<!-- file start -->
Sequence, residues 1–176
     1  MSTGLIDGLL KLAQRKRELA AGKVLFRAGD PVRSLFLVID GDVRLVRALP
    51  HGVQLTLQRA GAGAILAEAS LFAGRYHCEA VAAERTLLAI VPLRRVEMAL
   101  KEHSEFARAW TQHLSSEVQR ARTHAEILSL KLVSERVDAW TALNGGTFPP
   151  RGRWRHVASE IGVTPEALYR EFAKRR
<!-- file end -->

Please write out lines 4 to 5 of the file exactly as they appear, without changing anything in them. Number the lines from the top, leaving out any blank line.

   101  KEHSEFARAW TQHLSSEVQR ARTHAEILSL KLVSERVDAW TALNGGTFPP
   151  RGRWRHVASE IGVTPEALYR EFAKRR